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Northern Ireland electricity prices may tumble as NIE monopoly under threat

Northern Ireland's domestic electricity sector could be set for its biggest shake up in years, as speculation mounts that Airtricity is about to enter the market.

It is understood that the Irish power company, already a supplier of electricity to business customers in the province, will today announce plans to extend its offering to supply domestic and residential users.

It would be the first domestic supply competitor to the former publicly owned electricity supplier Northern Ireland Electricity since the formation of the Single Electricity Market in 2007 permitted such a move.

Founded in the Republic in 1997, Airtricity is owned by Scottish and Southern Energy, which bought it in January 2008.

Nobody from the company was prepared to comment ahead of an official announcement due at midday today.

The Utility Regulator also declined to comment, but said Airtricity's existing licence to supply business customers covered the company for a potential entry into the domestic electricity market.

Economist John Simpson said that if Airtricity did take the decision it would be "a step in the right direction" to creating competition in the domestic electricity market.

"It is an overdue development that was provided for in the opening up of the single electricity market (in 2007). We have been waiting for someone to come in for some time, because up until now the reshaped NIE has been the only supplier."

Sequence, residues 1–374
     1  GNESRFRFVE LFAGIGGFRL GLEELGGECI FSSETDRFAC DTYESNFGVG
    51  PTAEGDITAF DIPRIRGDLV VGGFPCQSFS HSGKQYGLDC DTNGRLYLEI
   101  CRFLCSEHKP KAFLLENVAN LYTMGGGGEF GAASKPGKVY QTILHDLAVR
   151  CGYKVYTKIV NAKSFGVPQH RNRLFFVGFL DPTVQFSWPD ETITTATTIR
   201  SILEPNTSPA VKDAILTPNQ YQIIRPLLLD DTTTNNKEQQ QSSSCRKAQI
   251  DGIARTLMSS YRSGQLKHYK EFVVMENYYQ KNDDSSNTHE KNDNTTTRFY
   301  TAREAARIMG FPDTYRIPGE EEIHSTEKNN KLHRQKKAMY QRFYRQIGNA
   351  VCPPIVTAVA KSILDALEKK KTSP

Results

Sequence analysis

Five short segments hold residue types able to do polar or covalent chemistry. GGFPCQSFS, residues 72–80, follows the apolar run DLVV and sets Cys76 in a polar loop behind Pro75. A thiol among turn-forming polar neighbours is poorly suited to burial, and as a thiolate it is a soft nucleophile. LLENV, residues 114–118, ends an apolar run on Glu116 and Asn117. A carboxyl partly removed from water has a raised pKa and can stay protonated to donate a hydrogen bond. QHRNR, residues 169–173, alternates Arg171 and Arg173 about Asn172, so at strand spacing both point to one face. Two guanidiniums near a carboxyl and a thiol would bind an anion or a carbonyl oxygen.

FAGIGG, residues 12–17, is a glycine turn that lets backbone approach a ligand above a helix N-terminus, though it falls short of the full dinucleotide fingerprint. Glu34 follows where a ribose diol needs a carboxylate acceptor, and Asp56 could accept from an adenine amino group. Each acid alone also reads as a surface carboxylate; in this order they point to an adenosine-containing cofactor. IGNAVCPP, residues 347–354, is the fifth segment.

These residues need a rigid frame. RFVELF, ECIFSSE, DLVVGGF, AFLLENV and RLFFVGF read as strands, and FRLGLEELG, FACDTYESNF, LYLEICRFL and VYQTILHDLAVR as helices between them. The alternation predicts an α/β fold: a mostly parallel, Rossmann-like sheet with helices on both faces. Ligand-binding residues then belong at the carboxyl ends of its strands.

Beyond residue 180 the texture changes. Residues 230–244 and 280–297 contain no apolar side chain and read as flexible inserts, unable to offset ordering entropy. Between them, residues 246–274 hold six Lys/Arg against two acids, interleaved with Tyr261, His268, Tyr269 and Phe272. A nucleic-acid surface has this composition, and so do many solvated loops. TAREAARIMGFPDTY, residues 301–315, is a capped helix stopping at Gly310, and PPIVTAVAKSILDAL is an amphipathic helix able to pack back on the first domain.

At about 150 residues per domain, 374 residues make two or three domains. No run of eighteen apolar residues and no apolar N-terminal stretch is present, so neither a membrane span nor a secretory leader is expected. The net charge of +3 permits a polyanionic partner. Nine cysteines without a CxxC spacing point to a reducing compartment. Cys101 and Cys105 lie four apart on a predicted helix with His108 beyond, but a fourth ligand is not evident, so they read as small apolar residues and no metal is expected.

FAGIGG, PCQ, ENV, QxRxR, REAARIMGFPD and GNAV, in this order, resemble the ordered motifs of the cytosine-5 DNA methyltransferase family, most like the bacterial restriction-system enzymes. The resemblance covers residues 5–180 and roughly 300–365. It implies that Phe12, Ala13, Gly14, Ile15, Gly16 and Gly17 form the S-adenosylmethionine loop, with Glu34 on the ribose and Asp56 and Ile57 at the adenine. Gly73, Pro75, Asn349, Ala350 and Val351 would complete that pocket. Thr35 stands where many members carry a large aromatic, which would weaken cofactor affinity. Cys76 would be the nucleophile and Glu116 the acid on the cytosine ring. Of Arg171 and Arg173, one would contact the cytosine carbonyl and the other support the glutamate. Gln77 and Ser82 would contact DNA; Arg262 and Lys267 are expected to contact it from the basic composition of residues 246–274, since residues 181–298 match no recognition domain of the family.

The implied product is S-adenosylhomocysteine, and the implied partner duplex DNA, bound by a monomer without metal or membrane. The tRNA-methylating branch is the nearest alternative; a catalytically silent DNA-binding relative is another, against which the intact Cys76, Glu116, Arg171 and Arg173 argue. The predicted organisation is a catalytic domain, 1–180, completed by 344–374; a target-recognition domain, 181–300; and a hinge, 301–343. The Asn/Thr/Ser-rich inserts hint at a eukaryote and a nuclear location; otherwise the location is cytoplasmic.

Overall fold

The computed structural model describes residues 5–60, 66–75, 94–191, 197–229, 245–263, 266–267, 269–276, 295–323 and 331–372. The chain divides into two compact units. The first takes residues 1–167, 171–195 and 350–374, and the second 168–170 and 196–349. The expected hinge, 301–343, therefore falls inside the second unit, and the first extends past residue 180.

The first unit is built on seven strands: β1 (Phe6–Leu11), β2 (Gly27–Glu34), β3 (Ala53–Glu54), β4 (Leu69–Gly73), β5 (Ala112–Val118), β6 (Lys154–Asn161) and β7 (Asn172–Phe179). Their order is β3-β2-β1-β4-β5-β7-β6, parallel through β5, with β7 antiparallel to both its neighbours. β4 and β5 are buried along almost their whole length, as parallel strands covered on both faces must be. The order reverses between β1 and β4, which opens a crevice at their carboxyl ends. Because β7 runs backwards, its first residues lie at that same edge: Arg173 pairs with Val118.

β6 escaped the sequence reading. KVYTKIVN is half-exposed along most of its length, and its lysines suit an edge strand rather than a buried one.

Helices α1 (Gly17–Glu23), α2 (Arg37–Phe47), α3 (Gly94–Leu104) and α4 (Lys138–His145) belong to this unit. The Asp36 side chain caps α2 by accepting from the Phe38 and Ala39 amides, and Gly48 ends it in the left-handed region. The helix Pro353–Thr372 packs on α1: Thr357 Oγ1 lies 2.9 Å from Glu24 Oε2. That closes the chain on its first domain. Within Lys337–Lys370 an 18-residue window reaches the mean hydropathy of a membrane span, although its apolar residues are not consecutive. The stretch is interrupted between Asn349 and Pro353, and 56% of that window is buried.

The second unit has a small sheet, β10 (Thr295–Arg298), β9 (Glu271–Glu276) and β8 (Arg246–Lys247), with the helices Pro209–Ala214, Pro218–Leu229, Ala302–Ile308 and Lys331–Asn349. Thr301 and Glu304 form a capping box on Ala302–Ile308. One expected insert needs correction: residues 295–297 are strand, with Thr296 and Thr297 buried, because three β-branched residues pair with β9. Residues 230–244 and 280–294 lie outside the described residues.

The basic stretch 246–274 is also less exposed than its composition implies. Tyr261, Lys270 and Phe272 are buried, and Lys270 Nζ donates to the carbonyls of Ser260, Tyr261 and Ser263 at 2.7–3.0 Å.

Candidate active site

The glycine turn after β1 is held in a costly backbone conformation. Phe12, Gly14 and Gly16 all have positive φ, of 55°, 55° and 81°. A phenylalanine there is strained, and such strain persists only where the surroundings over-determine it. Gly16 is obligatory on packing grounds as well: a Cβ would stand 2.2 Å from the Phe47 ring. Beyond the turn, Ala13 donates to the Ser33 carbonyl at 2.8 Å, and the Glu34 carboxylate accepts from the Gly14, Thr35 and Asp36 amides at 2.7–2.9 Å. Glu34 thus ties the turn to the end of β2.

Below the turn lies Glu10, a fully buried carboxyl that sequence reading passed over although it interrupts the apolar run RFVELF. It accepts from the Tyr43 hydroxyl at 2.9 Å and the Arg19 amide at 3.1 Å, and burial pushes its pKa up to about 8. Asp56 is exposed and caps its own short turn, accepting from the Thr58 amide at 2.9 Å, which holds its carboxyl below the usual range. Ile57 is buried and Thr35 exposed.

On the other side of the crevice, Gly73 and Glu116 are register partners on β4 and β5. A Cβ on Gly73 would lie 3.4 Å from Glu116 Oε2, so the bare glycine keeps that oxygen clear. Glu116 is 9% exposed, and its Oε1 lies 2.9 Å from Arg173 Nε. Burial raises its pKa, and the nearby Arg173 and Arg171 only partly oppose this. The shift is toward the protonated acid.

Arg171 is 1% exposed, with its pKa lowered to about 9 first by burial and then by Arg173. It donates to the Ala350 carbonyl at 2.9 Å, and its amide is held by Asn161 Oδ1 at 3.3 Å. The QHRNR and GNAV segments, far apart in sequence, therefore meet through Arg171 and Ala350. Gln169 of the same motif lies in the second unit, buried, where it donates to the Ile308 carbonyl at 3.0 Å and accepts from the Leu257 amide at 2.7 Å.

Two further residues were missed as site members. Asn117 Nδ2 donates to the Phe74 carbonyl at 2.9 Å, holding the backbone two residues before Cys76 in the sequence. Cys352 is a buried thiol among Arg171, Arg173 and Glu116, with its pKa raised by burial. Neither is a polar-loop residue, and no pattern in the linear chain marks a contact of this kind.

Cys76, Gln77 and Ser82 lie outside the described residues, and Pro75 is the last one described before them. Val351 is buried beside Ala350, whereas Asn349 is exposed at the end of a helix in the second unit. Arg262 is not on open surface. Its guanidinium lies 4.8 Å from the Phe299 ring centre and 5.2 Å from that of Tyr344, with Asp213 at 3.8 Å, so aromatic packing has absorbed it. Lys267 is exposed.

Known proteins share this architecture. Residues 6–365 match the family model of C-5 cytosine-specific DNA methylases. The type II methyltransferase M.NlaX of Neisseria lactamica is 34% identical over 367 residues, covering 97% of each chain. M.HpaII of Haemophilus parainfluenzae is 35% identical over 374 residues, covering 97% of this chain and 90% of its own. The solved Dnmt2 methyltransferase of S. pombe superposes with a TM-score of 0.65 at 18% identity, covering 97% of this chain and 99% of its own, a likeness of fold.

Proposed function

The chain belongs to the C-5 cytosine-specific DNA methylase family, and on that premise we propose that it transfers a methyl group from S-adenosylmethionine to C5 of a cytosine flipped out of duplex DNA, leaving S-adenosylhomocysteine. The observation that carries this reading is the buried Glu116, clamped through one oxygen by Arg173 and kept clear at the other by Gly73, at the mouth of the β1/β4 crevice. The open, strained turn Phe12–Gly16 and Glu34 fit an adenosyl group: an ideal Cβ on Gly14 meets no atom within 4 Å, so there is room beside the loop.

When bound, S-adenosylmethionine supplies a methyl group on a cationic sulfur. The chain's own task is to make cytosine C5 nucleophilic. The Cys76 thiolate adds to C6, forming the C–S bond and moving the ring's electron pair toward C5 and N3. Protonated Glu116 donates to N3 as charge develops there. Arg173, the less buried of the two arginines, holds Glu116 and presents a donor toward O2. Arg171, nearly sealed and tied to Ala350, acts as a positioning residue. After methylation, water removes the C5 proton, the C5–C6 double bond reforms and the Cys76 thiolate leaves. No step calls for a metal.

Mr Simpson said the key question was whether one new entrant would be enough to bring electricity tariffs down.

One week ago, Airtricity announced it was to enter the domestic gas market in the Republic, creating 200 jobs, including 100 at its headquarters in Sandyford, Co Dublin.

Providing a taste of what NIE can expect in terms of competition, Airtricity marked its entry into the gas market by offering customers a 10% discount on the rates charged by incumbent supplier Bord Gais.

It has also entered the electricity market in the South last year, mounting a high-profile campaign to win customers, claiming it could offer prices 13% below those offered by ESB, Ireland's dominant electricity provider.

The firm already supplies electricity to over 150,000 residential and commercial customers in the Republic and Northern Ireland.